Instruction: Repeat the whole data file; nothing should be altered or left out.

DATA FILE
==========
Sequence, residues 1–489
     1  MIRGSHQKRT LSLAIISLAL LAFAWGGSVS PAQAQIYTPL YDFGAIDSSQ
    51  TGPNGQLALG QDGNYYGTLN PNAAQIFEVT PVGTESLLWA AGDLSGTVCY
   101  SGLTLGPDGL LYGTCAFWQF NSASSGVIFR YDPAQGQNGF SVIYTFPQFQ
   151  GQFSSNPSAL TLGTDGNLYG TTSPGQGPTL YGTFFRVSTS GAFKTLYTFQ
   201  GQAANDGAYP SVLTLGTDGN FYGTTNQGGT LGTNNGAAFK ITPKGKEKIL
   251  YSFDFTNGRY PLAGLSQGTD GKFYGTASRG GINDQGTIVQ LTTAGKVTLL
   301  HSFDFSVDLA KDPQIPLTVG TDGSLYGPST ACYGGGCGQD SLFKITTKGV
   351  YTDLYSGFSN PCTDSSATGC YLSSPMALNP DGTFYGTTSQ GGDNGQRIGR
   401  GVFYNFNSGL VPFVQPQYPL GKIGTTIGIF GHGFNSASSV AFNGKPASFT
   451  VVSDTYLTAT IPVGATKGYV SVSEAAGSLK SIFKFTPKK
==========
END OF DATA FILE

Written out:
Sequence, residues 1–489
     1  MIRGSHQKRT LSLAIISLAL LAFAWGGSVS PAQAQIYTPL YDFGAIDSSQ
    51  TGPNGQLALG QDGNYYGTLN PNAAQIFEVT PVGTESLLWA AGDLSGTVCY
   101  SGLTLGPDGL LYGTCAFWQF NSASSGVIFR YDPAQGQNGF SVIYTFPQFQ
   151  GQFSSNPSAL TLGTDGNLYG TTSPGQGPTL YGTFFRVSTS GAFKTLYTFQ
   201  GQAANDGAYP SVLTLGTDGN FYGTTNQGGT LGTNNGAAFK ITPKGKEKIL
   251  YSFDFTNGRY PLAGLSQGTD GKFYGTASRG GINDQGTIVQ LTTAGKVTLL
   301  HSFDFSVDLA KDPQIPLTVG TDGSLYGPST ACYGGGCGQD SLFKITTKGV
   351  YTDLYSGFSN PCTDSSATGC YLSSPMALNP DGTFYGTTSQ GGDNGQRIGR
   401  GVFYNFNSGL VPFVQPQYPL GKIGTTIGIF GHGFNSASSV AFNGKPASFT
   451  VVSDTYLTAT IPVGATKGYV SVSEAAGSLK SIFKFTPKK